Myth 2: Yoga is full of chanting, hippies, people holding crystals …

Chanting used to be something not for me, but now I love it. It provides an emotional release just like singing in the shower or belting out your favorite song in the car does. It helps to invoke a sense that there is something else greater than yourself, which I think a lot of us can recognize and respect, if not believe. Oftentimes, we are wrapped up with all the concerns of ourselves when we could be thinking and seeing more holistically.

All of the other stereotypes of yoga are just that – stereotypes. Each practice looks different. From someone’s personal home practice to following an audio class, to attending a studio class, each and every practice is unique and that’s perfectly okay.

Myth 3: Yoga is just stretching.

That does comprise some of the asana practice, yes. But that’s not all of it. Depending on the style, it can be dynamic movement like in the Vinyasa context. Some of it can be more static, understanding muscle activation and alignment like in Hatha, or being supported by a bunch of blocks, blankets, straps, sandbags to relax in restorative yoga.

If you are an athlete and do not practice yoga or have any other mindful movement practice, yoga is an incredibly powerful cross-training. Joints have inherent mobility and stability, but they need exercise in both avenues. If you are consistently lifting weights, your joints will be incredibly stable, but they won’t have a lot of mobility. The same is true for someone who participates in something less strength-based like ballet; joints will be more mobile but not necessarily stable. Maintaining joint health also is the best way to prevent injury; oftentimes injuries arise from overextension with weight-bearing on a joint.

by Che Holts

by Che Holts

Some other points about yoga that are valuable:

—Yoga has incredibly rich philosophies. Similar to how Buddhism has the Noble Eightfold Path, yoga incorporates the Eight-Limbed Path. This includes social restraints, self-observances, breathwork, physical practice, sensory withdrawal, concentration, ultimate bliss, and meditation.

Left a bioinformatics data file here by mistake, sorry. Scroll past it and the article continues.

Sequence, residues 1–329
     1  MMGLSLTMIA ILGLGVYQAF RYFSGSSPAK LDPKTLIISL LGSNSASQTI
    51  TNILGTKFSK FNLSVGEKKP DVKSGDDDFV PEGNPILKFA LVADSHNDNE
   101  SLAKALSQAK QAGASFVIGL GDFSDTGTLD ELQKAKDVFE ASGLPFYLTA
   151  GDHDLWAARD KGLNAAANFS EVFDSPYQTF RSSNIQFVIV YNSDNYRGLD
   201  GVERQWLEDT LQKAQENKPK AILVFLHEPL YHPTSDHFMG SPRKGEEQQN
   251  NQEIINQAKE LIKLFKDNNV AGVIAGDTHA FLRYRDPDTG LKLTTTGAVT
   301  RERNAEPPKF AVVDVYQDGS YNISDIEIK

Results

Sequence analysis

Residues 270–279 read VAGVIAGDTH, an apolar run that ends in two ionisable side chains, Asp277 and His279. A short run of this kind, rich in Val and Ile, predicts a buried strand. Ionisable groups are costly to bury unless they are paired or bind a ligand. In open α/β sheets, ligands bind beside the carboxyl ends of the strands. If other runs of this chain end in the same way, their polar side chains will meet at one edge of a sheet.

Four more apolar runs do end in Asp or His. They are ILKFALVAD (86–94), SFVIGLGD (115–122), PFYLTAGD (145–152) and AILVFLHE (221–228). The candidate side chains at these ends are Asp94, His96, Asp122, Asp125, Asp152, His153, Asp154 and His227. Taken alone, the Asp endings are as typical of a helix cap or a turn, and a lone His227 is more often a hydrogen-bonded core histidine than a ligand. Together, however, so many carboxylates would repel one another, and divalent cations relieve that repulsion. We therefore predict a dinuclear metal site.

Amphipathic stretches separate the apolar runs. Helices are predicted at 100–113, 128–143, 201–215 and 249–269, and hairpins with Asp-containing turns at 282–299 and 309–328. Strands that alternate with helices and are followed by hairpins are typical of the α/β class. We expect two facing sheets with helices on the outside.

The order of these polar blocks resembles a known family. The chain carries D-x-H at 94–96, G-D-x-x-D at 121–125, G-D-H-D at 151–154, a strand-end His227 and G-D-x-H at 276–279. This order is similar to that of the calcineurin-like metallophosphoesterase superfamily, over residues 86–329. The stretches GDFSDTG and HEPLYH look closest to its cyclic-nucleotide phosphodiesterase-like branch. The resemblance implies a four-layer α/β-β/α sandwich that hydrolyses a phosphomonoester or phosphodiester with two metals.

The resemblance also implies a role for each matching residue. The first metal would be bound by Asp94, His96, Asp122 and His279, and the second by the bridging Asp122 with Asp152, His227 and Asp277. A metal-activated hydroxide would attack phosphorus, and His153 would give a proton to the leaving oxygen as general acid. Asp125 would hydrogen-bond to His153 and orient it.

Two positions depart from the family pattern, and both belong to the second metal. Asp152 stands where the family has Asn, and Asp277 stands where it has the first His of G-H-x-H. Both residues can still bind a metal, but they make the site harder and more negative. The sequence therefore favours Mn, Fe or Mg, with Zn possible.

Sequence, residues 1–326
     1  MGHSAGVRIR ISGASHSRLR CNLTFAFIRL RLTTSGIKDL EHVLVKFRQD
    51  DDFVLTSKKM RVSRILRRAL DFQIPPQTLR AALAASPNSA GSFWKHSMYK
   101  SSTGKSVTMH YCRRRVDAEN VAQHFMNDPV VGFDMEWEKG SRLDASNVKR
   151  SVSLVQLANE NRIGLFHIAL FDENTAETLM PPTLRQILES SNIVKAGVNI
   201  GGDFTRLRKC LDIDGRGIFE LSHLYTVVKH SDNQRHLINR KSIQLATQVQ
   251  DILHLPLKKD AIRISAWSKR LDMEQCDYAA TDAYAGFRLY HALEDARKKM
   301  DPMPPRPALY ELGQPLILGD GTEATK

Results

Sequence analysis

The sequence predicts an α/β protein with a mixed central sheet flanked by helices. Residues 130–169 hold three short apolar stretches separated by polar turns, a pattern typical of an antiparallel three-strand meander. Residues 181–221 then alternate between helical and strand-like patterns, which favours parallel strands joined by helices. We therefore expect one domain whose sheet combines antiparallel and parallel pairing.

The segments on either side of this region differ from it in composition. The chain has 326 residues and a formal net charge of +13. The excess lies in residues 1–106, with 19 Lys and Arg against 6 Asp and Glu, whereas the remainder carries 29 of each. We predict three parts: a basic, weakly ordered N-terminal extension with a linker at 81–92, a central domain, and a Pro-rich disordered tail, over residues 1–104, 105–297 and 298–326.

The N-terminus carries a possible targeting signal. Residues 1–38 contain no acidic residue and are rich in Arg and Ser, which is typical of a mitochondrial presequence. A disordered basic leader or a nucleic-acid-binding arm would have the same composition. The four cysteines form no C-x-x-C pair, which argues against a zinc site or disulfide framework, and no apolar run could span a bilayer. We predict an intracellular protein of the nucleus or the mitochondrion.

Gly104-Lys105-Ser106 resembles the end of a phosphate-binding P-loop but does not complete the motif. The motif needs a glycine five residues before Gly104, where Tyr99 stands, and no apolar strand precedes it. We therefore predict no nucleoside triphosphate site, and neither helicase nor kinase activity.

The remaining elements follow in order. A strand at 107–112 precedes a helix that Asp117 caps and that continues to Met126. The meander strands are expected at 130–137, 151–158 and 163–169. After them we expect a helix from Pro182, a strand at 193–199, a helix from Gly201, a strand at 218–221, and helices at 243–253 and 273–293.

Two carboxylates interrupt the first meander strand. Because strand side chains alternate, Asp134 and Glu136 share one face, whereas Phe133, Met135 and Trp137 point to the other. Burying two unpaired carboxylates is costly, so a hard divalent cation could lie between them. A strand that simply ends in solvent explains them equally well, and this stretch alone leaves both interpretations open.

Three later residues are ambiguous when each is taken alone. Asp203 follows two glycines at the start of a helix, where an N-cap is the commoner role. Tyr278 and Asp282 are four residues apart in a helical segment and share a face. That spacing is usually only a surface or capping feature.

—Sometimes, the dogma isn’t for students when they first start out (that was the case for me), but two particular tenets under the yamas and niyamas (things not to do vs things to do) have stood out for me. The five yamas ask practitioners to avoid violence, lying, stealing, wasting energy, and possessiveness, while the five niyamas ask for everyone to embrace cleanliness and contentment, to have self-discipline, to continually study and observe our habits, and to surrender to something greater than ourselves. It helps to remind me to stay humble; that we all want the same things in life and just overall how to be a better person towards myself and others.

—The practice of yoga asana (physical practice) is often taught as a great way to de-stress. Why? Because it works. Like the Prison Yoga Project teaches, yoga is all about “interroception”. A portmanteau between interrogation and perception or proprioception, “interroception” occurs when the mind-body connection is very much at the forefront. It is the feeling of noticing yourself within your physical body – often something that gets lost whenever trauma, repetitive stress, or extreme duress occurs. This factor helped me with my depression and the confrontation of my traumas. When you are in a static posture with nothing but your breath, you begin to tap into your body and notice things that are easy to overlook on a day-to-day basis.

—If you are new to yoga and would like to start, the best thing to do is to just show up to class. It doesn’t matter whether you know your Anjaneyasana from your Virabhadrasana II because that can be learned over time. What matters is the self-discipline or tapas, to continue to show up as you are. I understand the intimidation factor and the feeling of being lost – that was me once! But the only way to go on with the practice is to do just that: practice.

Why Yoga?

The following is my story with how yoga saved my life, in support of a charity yoga class with atlasGo + Prison Yoga Project + me on June 20th. More information can be found here.

My own internal dialogue lacked compassion; I refused to acknowledge I was mentally ill and punished myself for being so mentally weak.

To understand my relationship with yoga, we have to go back a few years.

I was born and raised in San Diego, CA and moved to San Francisco for undergrad at SF State in 2006. I moved for a short period to Honolulu, Hawaii, after graduating from SF State in 2010 to pursue a Master’s in Linguistics at the University of Hawaii at Manoa. Despite graduating undergrad on time, I took two separate semesters off and managed to graduate within 3.5 years.

Why the semesters off? Rewind back to high school.

We can all relate to and remember those awkward teenage years, where we are trying to find our footing in life, figuring out where we fit in. I didn’t know myself well enough, lacked the self-respect and dignity to pull away from things that were negative influences on me. Feeling lost, I turned to drugs and alcohol — all a facade to mask and quiet the internal confusion within me. Triggered by the dissolution of a relationship, the rejection led me to self-harming thoughts and the desire no longer live. With an attempt at ending my life, I remember being on the phone with my mother who was overseas in Taiwan where there was nothing she could do. The police showed up at my door, and my dad and sister were shocked, distraught, and escorted me in my dad’s car with my sister next to me asking why I would want to do this to myself, all the way to the hospital.